Don’t Panic - Plan
I wonder how your second week of online practice has been? NCS Registrant Suzie Mosson, a director of Online Training for Counsellors, has some expert advice for practitioners making this move. Whethe...
Obsessive-Compulsive Disorder is a debilitating and much misunderstood condition. It causes serious distress for sufferers, and is agonising for family members and loved ones to witness.
If you’re struggling with OCD, you may find it hard to believe that things will improve. But you can get better from OCD. The condition is manageable, and sufferers can go on to live a full, happy, fear-free life. Finding a counsellor for OCD will help enormously with this. If you want to find out more about OCD, or about how to get support for OCD, we’ll cover some of the basics in this article.
WHAT IS OCD?
Obsessive-Compulsive Disorder is a severe anxiety disorder, characterised by intrusive and extremely distressing thoughts. Sufferers are plagued by uncontrollable thoughts and images of awful things. These thoughts can take many forms, but they often involve the death of loved ones, or natural disasters, or other terrible, fearful events.
The intensity of these thoughts or images is overwhelming. They override all other thoughts, and are very hard to control without therapy and training. These intrusive thoughts (or 'obsessions' are the ‘Obsessive’ part of the acronym.
Needless to say, such horrific thoughts cause a great deal of anxiety for sufferers of OCD. Sufferers experiencing ‘Obsessions’ can become so worried that they experience the physical effects of fear, such as nausea, sweating, agitation, rapid breathing, and elevated heart rate. In order to tackle the extreme distress they are experiencing, OCD sufferers start to perform small, self-soothing rituals. In some cases, these rituals act like a subconscious ‘deal’ with the obsessions, in which the sufferer hopes to avert the disaster they’re worried about by undertaking certain tasks, or ‘compulsions’.
OCD is very hard for non-sufferers to understand. When under extreme and prolonged stress, the human brain can develop coping mechanisms which seem very strange to those who have not experienced such distress. If you’re struggling to understand how OCD ‘works’, try thinking of the condition in terms of superstition. Superstitious people may bid "Good morning" to magpies in order to avert bad luck, or cross themselves to ward off the devil. The obsessions and compulsions of OCD operate in a similar manner.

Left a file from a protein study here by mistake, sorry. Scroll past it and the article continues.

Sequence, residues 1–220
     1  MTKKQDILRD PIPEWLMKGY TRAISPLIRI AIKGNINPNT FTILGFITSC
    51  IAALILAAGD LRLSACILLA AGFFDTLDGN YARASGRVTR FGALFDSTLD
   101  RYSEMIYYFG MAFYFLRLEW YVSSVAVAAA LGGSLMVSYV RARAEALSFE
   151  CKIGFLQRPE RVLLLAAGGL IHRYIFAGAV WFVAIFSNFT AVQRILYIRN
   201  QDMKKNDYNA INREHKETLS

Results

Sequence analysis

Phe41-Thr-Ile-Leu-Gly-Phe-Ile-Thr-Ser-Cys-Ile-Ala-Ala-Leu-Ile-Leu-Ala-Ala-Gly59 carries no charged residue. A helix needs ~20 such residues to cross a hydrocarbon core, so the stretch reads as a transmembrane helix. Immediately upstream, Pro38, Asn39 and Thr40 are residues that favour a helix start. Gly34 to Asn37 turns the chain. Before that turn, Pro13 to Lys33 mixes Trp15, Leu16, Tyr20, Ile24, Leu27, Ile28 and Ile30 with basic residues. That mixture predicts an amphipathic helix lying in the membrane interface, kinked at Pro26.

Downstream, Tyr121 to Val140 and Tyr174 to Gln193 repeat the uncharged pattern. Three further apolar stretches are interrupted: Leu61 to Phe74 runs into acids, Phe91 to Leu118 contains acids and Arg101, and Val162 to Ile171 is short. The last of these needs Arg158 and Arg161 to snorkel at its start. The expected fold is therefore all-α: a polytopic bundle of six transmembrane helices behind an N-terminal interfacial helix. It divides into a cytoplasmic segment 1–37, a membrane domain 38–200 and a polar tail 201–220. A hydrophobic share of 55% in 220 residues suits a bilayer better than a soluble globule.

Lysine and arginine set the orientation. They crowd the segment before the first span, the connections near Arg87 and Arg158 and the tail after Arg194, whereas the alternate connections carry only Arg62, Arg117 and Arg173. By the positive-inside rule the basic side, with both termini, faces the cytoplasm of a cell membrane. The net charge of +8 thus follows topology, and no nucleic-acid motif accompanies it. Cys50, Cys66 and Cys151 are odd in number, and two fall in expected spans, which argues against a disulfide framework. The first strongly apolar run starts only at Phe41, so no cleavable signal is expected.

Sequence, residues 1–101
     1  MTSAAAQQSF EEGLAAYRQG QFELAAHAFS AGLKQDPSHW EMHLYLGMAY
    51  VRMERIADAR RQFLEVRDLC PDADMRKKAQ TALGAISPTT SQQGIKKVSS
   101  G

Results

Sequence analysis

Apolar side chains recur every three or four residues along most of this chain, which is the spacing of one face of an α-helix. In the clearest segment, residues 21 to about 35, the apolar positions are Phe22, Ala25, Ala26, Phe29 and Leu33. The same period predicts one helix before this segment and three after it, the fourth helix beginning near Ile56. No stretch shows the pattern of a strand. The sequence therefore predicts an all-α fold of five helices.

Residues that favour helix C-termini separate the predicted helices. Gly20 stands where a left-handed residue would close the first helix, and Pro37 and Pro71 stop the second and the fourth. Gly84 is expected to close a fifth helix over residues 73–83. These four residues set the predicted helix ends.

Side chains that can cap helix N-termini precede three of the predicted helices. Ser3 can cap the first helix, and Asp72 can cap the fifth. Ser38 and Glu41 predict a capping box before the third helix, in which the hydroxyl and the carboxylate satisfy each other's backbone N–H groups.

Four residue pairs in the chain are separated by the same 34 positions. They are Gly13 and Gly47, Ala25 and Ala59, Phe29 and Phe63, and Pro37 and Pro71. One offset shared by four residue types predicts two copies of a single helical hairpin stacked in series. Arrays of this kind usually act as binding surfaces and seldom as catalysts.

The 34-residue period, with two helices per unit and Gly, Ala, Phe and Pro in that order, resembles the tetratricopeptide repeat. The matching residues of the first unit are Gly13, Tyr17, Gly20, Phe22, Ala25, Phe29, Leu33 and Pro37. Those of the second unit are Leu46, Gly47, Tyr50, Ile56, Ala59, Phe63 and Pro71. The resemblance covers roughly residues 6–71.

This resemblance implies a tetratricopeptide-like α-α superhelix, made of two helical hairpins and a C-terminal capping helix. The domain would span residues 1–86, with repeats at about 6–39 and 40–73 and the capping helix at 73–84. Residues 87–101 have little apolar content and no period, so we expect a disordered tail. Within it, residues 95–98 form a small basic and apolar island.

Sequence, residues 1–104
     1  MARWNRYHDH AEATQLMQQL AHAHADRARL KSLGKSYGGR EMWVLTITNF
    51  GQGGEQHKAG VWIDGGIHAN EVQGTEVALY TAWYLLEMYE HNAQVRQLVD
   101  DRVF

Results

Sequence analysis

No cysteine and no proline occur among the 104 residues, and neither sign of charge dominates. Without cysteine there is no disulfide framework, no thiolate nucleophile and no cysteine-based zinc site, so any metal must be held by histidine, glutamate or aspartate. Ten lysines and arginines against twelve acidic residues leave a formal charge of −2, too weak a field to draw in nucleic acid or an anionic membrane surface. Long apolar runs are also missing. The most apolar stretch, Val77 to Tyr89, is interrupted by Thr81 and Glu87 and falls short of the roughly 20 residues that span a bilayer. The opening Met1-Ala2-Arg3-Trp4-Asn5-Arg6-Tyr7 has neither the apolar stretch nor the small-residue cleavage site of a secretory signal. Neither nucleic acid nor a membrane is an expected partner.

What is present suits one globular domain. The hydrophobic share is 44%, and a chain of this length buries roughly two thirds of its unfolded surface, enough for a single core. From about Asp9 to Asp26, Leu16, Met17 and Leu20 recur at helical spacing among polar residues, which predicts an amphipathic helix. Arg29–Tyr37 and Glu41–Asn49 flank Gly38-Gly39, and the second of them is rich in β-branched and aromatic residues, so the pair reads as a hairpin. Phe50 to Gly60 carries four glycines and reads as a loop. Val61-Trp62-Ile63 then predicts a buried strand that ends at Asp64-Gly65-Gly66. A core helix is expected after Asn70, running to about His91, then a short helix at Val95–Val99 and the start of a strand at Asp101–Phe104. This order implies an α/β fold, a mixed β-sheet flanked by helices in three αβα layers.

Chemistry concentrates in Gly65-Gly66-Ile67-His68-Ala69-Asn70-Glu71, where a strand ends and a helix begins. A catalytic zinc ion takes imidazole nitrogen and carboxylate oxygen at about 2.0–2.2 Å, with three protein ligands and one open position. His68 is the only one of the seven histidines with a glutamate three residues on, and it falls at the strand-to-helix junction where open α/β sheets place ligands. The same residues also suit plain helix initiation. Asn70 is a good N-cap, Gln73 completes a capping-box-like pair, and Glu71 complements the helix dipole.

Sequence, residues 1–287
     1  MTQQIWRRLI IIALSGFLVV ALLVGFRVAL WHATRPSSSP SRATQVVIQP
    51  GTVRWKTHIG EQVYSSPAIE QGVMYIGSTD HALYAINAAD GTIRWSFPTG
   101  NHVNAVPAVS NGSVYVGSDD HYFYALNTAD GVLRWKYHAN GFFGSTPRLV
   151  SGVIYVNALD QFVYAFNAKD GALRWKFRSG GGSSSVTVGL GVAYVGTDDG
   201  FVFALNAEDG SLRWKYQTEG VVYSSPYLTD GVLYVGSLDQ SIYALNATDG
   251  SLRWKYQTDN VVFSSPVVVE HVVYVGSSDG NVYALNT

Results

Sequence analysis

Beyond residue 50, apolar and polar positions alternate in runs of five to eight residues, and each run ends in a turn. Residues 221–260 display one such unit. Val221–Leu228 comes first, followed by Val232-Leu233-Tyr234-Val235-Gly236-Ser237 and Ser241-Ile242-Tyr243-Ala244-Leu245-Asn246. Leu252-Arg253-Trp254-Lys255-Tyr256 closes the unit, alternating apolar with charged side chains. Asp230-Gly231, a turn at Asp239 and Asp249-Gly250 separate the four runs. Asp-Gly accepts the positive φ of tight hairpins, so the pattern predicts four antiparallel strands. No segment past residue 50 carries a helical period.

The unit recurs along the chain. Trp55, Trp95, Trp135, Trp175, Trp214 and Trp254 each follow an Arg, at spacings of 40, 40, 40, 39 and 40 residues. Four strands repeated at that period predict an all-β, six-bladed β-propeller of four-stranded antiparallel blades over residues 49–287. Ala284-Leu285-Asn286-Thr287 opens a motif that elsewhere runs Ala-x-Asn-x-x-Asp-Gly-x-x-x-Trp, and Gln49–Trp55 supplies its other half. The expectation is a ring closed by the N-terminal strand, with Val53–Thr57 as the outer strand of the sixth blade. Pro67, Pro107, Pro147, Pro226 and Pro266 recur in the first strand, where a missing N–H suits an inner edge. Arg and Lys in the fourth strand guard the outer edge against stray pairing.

OCD sufferers are aware that their intrusive thoughts are irrational. People with OCD are not delusional. They have a good grip on reality. However, OCD triggers a deep and ancient part of the brain, which is strong enough to make the intrusive thoughts terrifying despite the moderating influence of rationality. In the same way that someone might say "Good morning!" to a magpie ‘Just in case’ of bad luck (even though they don’t believe in that kind of thing on a rational level), someone with OCD performs compulsions ‘just in case’. However, the compulsions end up reinforcing the obsessions, and the pattern of thought and behaviour is driven deeper into the sufferer's mind.
IT'S NOT ABOUT 'NEATNESS'
People with OCD are often afraid to reveal their suffering. This is not only because doing so reveals their deepest fears. It’s also because OCD suffers from something of an image problem.
You’ve probably heard someone say ‘I’m a bit OCD about that kind of thing!’ when something is a little untidy. The perception that OCD is all about a finicky need for neatness and cleanliness is not only completely wrong, it also trivialises the condition.